A Triumph of Lyrics and Bluegrass – “Old Forests” by National Park Radio – Album Review

National Park Radio – “Old Forests” Album Review
By Dayna Duncan

A Triumph of Lyrics and Bluegrass – “Old Forests” by National Park Radio Album Review

There’s always been something about Bluegrass/Folk/Americana that makes me feel like there is hope in this world. From the earliest seconds on, National Park Radio’s “Old Forests” gave me that hope. The bands’ newest full-length album release is pure light, thoughtful, and filling. True beauty is musical form…Stefan Szabo and company are vocally, musically, and passionately decadent. So much so that I found it difficult to make light of it and add humor (As I’m known to do.) Not that this album is above it, but I felt more inspired with this review than I have in a very long time. So, please allow me the over-use of synonyms and shut it. (Side note: A band who offers a free stream or download from their website always proves to me that no amount of money is worth more than the purity of genuine musicianship.)

Song one, “Mighty Mountains,” is as banjo-led as you would desire from this genre of music, but the lyrics are so well thought-out and poignant that you don’t feel this song exists just to satisfy genre-norms.

“Oh My Heart” speaks from a songwriters point of view when listeners hear and respond to their music. How the musicians heart is conflicted between the passion and power of the craft versus the desire to be home with the ones you love. It’s deep, but the music is light and dreamy with outstanding vocals.

The third and title song “Old Forests” is a lyrically fabulous wonderland of picturesque storytelling. A journey through forests and mountains while roaming through all that life could send your way. It’s masterfully played by stripped-down guitar, banjo, and with the added ethereal vocals that are almost reminiscent of a fallen angel on his way from heaven to earth.

“See everything you can see. To find your way you must be free. Go find your love and keep it near. Don’t get caught up in doubt and fear.” – “These Great Plains” starts off with these beautiful words overtop the twang and pluck of the accompanying guitar and banjo. Then the wonderful harmonically-placed “oh’s” of the chorus march us into the “setting sun.” This song is genuinely enjoyable and utterly uplifting.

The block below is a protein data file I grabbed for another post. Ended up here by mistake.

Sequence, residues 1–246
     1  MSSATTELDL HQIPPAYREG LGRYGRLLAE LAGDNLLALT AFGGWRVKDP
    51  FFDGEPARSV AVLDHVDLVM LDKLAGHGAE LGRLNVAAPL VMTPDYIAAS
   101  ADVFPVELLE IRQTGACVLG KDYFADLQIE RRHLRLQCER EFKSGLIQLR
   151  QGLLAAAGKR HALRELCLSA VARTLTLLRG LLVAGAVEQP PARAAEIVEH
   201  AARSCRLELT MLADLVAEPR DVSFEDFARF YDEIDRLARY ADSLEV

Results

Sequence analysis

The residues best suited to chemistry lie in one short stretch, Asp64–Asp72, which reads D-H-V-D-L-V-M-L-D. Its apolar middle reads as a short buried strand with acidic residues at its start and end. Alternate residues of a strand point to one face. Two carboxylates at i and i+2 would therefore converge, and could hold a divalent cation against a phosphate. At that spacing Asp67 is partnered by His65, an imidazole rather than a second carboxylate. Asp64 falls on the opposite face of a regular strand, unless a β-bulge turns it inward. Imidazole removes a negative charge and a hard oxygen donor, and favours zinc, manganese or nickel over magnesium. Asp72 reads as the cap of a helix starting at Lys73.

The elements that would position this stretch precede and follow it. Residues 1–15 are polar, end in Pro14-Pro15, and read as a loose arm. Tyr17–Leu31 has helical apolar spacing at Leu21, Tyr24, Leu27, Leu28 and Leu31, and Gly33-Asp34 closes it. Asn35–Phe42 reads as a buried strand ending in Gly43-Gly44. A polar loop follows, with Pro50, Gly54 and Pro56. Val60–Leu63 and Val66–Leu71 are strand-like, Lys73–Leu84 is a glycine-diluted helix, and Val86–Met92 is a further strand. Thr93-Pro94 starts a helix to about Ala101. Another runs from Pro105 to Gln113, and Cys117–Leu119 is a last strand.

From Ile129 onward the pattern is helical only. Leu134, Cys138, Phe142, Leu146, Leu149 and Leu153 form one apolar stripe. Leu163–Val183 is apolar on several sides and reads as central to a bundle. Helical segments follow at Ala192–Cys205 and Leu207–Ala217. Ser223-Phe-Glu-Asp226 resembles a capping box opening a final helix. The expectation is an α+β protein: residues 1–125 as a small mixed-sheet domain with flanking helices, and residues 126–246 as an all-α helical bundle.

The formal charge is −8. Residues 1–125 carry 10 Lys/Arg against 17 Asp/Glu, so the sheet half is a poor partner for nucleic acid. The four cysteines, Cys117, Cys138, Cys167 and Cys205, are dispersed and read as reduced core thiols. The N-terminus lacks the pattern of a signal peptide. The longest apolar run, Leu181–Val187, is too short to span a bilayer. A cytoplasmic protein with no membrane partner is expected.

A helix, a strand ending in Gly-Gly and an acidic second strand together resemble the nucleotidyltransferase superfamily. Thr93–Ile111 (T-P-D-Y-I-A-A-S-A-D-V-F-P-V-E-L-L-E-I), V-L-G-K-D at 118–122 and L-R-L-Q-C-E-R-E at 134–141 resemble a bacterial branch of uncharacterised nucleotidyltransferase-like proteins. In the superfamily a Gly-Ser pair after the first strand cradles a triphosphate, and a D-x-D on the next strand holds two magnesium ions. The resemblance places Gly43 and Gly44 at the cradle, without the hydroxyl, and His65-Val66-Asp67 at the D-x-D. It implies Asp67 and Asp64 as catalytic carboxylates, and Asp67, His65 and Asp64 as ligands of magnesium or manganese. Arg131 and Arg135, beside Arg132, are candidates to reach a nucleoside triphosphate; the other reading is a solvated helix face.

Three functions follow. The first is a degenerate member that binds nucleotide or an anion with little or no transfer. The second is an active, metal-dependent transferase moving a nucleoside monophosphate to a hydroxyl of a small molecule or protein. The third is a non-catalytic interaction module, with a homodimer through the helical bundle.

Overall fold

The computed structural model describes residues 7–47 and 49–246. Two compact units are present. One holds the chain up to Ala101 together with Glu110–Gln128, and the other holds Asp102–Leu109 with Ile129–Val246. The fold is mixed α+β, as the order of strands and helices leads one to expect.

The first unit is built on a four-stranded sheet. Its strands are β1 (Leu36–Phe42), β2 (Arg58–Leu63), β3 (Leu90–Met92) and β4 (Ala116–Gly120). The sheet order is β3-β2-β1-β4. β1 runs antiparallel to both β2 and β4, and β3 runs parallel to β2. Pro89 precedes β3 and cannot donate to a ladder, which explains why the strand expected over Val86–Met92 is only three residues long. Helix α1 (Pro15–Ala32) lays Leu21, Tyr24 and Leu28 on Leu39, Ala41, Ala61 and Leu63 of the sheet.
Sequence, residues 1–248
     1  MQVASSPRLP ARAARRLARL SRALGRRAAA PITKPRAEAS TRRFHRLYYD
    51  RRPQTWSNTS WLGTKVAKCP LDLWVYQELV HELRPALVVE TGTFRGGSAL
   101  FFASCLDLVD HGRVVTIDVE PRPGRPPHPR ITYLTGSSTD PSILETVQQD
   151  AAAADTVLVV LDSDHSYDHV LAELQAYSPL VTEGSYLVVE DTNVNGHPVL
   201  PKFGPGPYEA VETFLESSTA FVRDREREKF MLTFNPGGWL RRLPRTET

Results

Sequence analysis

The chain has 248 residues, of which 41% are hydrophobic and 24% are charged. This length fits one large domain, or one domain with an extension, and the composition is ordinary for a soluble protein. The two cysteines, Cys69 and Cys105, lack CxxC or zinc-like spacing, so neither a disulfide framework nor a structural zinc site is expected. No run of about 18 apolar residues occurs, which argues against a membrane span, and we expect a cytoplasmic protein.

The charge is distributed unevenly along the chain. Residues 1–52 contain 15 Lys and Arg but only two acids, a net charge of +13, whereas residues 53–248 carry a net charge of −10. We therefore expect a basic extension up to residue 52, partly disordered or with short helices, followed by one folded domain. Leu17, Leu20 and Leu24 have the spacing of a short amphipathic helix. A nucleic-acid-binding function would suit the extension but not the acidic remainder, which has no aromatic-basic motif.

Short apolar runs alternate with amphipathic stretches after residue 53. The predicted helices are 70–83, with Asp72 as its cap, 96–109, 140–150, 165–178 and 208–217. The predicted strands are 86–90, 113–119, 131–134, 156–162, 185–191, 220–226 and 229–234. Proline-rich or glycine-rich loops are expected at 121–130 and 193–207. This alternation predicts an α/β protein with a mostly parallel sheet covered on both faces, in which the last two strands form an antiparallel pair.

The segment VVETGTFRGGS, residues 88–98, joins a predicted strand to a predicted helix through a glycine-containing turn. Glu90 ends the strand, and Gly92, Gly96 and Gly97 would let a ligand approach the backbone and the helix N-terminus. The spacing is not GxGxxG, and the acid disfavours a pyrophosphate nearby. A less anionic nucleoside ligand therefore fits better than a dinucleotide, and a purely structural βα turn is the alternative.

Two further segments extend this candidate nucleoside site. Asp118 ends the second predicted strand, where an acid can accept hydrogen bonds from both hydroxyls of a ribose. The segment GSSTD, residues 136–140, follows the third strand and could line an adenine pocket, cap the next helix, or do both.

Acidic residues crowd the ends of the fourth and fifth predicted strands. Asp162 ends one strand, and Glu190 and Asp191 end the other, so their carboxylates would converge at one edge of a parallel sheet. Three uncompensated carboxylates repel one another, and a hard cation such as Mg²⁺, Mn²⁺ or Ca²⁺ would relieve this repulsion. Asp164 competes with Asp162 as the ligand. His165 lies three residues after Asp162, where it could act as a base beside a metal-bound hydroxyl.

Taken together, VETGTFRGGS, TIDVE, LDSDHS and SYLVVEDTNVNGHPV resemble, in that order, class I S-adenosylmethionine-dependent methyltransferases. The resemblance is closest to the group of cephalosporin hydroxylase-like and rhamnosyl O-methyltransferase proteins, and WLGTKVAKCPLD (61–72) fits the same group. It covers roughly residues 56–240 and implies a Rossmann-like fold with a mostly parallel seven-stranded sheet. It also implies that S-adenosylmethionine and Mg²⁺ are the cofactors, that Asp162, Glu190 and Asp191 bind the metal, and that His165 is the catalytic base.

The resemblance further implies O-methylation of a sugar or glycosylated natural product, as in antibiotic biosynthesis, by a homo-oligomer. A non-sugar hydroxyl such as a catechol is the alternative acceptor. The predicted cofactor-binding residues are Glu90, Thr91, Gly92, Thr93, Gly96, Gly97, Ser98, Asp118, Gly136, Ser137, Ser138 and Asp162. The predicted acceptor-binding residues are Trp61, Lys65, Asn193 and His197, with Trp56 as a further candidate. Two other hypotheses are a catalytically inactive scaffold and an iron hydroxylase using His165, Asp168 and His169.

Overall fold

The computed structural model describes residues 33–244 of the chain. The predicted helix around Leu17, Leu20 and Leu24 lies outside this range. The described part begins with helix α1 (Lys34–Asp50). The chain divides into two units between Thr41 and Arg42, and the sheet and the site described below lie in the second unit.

The fifth song “Blood” seems something, to me, straight out of the T Bone Burnett movie soundtrack arsenal. A mountainside Spritual-esque tune that makes you feel joy while simultaneously questioning anything and everything. Genuinely good music should do that. Adding the classic fiddle to the harmonies, plucking, and strumming make this song supremely strong.

“Meant to Be” is a softer and welcoming change after the strength of “Blood.” It’s a wonderful love song that greets you and gives you a sense of joy. The stripped drums to a snare, high-hat, and tambourine is light and the harmonies are simply delicious. “The perfect match, it’s plain to see.” I’m sure they meant love, but musically this band seems to do that effortlessly.

In the seventh song “The Way it Always Has” I get a “Drew Holcomb and the Neighbors”-vibe and it is a warm and well-timed song on this album’s journey.

Song eight, “If the Rain is Fallen’” is a cute, old-timey country-style love song. It has great banjo/acoustic rhythms with simplified vocals. It’s everything you need and want with a song like this.

“December” sure does make me want winter to come on this hot summer morning. Love and family bring a warmth and joy that we all can relate to and this acoustic-driven tune reminds us of it all. The addition of strings is oh, so welcomed at this moment and makes for such an ethereal, beautiful song.

“Fame and Misfortune” is a song about how chasing empty things are not worth it without the love of family. The female vocals on this song are so clean, bright, and I am a firm believer that a well-sung duet always adds a certain depth to any album. This song has a country feel vocally and the guitar beneath it is fresh and pure.

The final song “Go” again revisits the idea of home and all humankind’s journey navigating life, love, family, fame, and doing what you truly love to do. “Do everything you’re dreaming of.” This whole album makes me believe that I can do anything. It’s so completely uplifting that I can’t even accurately describe the music, as the lyrics are truly the star of the show. Musically it’s fantastic, as are the gorgeous vocals, but it’s such a genuine act of triumph to hear lyrics so deep in your spirit; and my spirit is so full.

Sorry, comments are closed for this post.